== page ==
Often, when I travel along the streets of Kabul in Afghanistan, ordinary scenes provoke questions about the disparities of life in today’s global human society. Some vistas arrest my attention, and leave me wishful and in want. Sometimes, I feel sad, or a little angry.
I often end up pursuing ‘whys’. How did it become like this?
These questions keep me raw and alive.
Inham in the ‘office’
I post these photos for Inham, who is 13 years old, but wise beyond his cheekiness and industry. Recently, I had walked into a street kids class just as Zekerullah was disciplining Inham, instructing him to leave the class. Inham had forgotten his pen and notebook again. Inham was already facing the door, but when he saw me, he stood still and told Zekerullah that he would surely remember to bring his pen and notebook the following week. Zekerullah told me later that Inham was probably hoping that I would put in a word for him.
I didn’t. Zekerullah was firm. Inham walked out with a downcast face. I followed him out to the corridor, and stopped him to say that ‘everything will be alright’. He stood still, his haversack strapped to his back, and began to cry into my arms, thinking that, “Zekerullah is expelling me from school, not just from the class.”
I suggested that he apologize to Zekerullah. When the class was over and Zekerullah had gone to the ‘office’, I accompanied Inham to the ‘office’ door. There, standing hesitantly like a considerate child would, he said, “I’m sorry for not bringing my pen and notebook. I won’t do it again.” I felt proud of Inham. Zekerullah told Inham he could sit in the ‘office’ till he had calmed down.
I sat down beside Inham for a while. He was still tearful. He said, “I woke up at 6 a.m. this morning to start work in the streets, and so I forgot my pen and notebook.” I asked, “Can you remember to put your pen and notebook in your haversack first thing every Friday morning?” Inham explained, “This isn’t my schoolbag, teacher. This is my boot-polishing bag.”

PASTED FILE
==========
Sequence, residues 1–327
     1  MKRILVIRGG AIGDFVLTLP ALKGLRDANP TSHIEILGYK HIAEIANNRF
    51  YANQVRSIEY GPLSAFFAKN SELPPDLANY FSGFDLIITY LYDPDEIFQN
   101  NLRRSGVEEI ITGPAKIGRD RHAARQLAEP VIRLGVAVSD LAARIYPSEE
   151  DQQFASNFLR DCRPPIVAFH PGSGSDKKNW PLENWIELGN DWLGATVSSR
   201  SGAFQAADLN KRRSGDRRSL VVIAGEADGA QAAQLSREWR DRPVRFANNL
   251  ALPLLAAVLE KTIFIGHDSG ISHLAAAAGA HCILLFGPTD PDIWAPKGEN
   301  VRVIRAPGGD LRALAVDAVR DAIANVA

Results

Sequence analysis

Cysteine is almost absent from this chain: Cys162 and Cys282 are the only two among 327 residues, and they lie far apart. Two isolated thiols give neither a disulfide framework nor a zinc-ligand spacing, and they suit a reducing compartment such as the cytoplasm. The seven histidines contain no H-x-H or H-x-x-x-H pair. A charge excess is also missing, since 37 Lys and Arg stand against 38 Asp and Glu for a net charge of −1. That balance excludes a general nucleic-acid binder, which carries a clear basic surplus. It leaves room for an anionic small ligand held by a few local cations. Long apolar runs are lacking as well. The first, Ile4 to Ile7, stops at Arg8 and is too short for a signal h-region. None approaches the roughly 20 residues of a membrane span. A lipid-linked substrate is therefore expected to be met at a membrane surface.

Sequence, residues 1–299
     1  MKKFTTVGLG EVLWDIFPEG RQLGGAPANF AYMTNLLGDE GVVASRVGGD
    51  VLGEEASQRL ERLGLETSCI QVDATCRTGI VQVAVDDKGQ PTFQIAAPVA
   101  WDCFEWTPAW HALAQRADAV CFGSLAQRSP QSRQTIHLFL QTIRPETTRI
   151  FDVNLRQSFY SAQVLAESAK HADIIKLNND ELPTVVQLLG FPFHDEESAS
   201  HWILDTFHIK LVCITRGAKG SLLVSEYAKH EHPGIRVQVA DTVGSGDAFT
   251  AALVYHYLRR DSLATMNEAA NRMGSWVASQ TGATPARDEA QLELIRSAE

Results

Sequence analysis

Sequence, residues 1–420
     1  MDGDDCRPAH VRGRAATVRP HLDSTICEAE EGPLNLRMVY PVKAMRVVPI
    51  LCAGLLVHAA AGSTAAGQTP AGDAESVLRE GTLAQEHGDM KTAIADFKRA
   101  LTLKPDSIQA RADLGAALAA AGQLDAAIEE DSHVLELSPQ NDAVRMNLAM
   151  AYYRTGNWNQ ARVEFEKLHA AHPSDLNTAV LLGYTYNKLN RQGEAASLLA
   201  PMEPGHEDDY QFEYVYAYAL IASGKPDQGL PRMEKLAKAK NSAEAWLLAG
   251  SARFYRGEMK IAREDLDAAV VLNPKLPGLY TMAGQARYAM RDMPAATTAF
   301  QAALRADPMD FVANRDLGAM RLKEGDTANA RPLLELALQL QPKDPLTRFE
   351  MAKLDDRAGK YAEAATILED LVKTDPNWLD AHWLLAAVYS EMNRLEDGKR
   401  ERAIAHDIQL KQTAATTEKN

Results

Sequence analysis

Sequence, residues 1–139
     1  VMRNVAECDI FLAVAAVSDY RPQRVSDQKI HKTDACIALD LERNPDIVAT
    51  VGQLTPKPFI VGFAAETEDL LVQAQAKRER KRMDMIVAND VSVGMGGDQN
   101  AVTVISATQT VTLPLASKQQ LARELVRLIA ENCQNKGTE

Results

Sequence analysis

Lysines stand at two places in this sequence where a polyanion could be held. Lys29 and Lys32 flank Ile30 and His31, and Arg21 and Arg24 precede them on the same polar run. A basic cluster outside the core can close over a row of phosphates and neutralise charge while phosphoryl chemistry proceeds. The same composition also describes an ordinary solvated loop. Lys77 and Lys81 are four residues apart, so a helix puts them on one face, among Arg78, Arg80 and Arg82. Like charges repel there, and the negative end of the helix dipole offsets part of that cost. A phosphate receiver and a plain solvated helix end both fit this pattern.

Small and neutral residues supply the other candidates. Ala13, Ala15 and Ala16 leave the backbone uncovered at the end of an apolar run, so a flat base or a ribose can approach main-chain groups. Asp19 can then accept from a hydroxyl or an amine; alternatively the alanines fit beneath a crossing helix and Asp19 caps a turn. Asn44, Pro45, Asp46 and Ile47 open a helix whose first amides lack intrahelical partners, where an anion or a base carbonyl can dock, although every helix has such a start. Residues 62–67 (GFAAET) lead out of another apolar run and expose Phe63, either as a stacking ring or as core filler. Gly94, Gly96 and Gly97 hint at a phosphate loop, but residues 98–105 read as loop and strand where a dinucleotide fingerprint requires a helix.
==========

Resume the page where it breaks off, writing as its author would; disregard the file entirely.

I sensed he needed affirmation. “Zekerullah is disciplining you because he cares for you. I care for you too. Everything will be alright.” Inham was hurt, but nodded his head with understanding.
Each sight is a tiny window to many hidden stories. Not only can we look. We can listen to each photo. The sounds will arise soon enough.
Inham washing cars for a fee in the streets of Kabul, 2016
We can assess the priorities of the world by the way her children live.
Local Afghan news had reported that 12 Kabul children had died in the cold following heavy snowfall.
In this picture, the boy had received two winter duvets from the Afghan Peace Volunteers.
Behind him is the familiar scene of a graveyard marked by stone tombstones.
A young girl with a sack of collected plastic on her back stood staring at the truckload of duvets.
She was not on the list of surveyed households which received duvets that cold and rainy morning.
What do these internally displaced children from Kunduz burn to keep warm?
How many Afghans have enough bread on their tables?
What do hungry sheep in Kabul graze on?
Behind the sheep are a group of drug addicts on a bridge.
Why does Afghanistan have the most number of drug addicts in the world?
Kabul river is no longer a river of life.
What is clogging up Kabul’s drains?
What percentage of Afghans have access to clean drinking water?
What percentage of the population have regular electricity?
Is there room in Afghanistan for every Afghan ethnic group?
How do we measure women’s rights and gender equality in Afghanistan?
In the foreground is a weighing scale.
How many Afghans with disabilities have to maneuver through the unpaved streets of the capital city?
Why do we keep building walls and fences?
Why has there been less and less snowfall over the past years?
Will bicycles ever become more popular than cars in Kabul?
What kinds of homes to people return to every night?
Do they sleep well?
Is freedom a basic human need?
The roofs had clothes hung to dry, a blue water tank and a satellite T.V. dish.
In the sky over many roofs in Kabul are U.S. surveillance blimps.
Who’s watching who?
What is sold as beauty and dignity?
Mahdi longs for a different world.